New Vero Beach Council ready to delve into soaring electric rates

VERO BEACH — At the urging of newcomer Charlie Wilson, the Vero Beach City Council will begin Monday to tackle the morass of issues facing it’s battle-worn electric utility.Item one on the agenda will be making sure that the past year’s financial debacle does not have a sequel.The city is inviting anyone who has concerns about the electric utility to come to Council chambers at 9:30 a.m. on Monday. They’ve also invited representatives from the Orlando Utility Commission (which the city is set to join in January once it gets out of its present contract) and FPL to be present to hopefully provide some answers. “There are many financial, technical and legal questions that need to be answered in public,” Wilson said.As a major part of his campaign stump speech, Wilson vowed to challenge the OUC contract and to get the city out of the electric business if it can’t match the value of FPL. Every day, Wilson said he discovers more about how the city finances work and about the intricacies of the electric utility. One mystery still to be answered is where the city will get an estimated $200,000 to fix Unit 5 of the power plant. Units 2 and 5 work together to provide citizens with inexpensive power during peak times when buying power on the open market would be cost-prohibitive.Another unknown is whether or not the city will face penalties for some routine maintenance that was either not performed or not adequately documented by utility staff.  What is known — in rough terms — is the downward financial slide the electric utility took over the past year. From Oct. 1, 2008 to July 1, 2009, the City of Vero Beach Electric utility blew through a $14.5 million surplus and reported that the operating fund was “broke.”And in May and June electric bills shot up due to an enormous “power cost adjustment,” which turned out to be Vero Beach’s share of a $6.5 million penalty owed the Florida Metropolitan Power Agency. The FMPA, to which Vero Beach will belong until the end of the year, was forced to pay Florida Power and Light for unauthorized use of FPL transmission lines. Wilson has said he will look into whether or not the City can petition to get a refund on all or part of the penalty, but at this point, it’s akin to spilled milk.But the $14.5 million surplus in operating cash was gone before the rate hikes hit this summer. Where did it go?According to explanations given by R.B. Sloan, the former director of the electric utility who moved on to a position in Virginia last week, part of what ratepayers saw in their bills over the summer was simply delayed pain.”When the gas prices started going up, we were only passing about 50 percent of the power costs that we were being billed for on to the customers,” he said.So the city, rather than giving ratepayers a “heads up” that FMPA had made a $100 million bad hedge on buying power and more high-cost power was to come, they drained the utility’s reserves to pay the bills, until they just could not continue the bleed. Actually, they could not continue the bleed and continue to transfer millions into the general fund.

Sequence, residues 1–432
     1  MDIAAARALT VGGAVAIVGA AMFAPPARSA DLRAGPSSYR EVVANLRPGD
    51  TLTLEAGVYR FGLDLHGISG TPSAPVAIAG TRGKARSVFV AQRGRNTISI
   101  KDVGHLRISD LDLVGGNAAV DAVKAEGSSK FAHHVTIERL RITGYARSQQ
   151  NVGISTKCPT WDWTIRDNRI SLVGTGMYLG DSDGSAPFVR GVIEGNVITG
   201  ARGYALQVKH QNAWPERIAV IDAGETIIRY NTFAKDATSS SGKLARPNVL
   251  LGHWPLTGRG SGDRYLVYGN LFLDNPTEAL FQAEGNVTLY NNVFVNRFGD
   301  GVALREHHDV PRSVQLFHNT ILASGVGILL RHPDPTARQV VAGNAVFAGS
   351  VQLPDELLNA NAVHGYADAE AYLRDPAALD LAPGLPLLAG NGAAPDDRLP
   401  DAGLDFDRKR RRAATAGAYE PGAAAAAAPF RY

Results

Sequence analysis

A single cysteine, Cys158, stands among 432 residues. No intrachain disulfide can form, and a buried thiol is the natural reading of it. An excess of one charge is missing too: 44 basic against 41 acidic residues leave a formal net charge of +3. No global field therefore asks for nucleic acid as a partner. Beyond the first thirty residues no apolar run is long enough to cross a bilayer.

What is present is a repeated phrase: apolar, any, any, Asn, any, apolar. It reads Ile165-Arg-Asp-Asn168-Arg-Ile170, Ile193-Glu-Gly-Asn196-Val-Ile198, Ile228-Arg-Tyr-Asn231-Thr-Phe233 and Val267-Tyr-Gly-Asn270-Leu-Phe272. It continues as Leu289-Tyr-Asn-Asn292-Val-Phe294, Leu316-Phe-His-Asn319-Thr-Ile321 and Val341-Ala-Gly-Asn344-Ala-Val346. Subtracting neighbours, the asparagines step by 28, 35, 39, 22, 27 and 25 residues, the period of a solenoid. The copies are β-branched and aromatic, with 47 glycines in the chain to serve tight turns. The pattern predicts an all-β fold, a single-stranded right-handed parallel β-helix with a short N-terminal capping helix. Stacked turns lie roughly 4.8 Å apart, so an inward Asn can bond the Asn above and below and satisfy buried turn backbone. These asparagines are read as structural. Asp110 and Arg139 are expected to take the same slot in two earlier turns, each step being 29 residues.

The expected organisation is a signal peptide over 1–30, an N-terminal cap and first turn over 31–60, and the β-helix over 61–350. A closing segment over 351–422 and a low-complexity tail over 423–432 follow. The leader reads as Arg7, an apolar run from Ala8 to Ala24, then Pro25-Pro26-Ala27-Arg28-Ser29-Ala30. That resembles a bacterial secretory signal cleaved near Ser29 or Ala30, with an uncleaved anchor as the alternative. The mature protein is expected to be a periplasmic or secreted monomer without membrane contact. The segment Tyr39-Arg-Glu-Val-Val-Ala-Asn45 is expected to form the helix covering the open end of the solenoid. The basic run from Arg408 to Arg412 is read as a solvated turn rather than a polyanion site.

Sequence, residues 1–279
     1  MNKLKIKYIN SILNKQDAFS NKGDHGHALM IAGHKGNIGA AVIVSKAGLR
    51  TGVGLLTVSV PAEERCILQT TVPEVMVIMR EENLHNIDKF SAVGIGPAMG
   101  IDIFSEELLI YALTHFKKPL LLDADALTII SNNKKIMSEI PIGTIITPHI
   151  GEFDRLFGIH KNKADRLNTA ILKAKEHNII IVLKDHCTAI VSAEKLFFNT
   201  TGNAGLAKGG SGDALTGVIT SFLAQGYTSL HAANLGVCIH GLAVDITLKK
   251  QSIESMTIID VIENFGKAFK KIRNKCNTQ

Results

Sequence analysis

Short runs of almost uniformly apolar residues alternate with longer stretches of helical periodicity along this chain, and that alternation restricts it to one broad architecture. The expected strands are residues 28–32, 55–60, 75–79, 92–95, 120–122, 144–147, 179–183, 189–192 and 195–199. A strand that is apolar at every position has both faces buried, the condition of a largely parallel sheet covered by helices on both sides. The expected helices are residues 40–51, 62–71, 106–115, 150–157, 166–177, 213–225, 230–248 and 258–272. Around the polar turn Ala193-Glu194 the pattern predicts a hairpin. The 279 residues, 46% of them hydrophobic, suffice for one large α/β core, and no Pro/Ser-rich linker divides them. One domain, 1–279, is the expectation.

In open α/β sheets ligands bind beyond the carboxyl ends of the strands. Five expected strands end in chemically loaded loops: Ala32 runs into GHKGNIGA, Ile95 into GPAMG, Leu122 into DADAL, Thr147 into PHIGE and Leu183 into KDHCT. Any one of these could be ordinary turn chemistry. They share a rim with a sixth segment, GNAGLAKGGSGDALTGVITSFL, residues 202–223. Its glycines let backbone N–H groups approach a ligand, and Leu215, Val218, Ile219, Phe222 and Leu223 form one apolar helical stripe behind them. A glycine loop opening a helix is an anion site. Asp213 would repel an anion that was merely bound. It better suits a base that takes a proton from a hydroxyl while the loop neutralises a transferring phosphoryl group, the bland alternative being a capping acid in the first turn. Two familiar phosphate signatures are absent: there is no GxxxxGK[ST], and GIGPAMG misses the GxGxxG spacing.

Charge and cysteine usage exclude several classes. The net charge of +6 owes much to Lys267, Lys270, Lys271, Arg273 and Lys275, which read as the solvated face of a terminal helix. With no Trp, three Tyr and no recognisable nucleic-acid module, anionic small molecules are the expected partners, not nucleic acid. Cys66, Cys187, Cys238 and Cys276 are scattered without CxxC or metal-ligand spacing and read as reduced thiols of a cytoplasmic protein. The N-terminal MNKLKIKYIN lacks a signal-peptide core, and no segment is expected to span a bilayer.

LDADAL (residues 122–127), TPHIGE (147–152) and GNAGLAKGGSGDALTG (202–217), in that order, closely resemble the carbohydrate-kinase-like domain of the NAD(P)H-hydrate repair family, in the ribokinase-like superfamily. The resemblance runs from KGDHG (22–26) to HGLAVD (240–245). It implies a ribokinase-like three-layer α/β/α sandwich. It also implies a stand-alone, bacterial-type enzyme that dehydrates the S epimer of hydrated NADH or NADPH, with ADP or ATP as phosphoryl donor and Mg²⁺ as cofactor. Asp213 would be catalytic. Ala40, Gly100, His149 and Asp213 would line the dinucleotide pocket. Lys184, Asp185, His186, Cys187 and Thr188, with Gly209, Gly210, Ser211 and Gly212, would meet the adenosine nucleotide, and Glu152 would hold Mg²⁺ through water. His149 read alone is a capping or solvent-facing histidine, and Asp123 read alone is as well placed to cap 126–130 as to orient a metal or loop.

Related Articles

Comments are closed.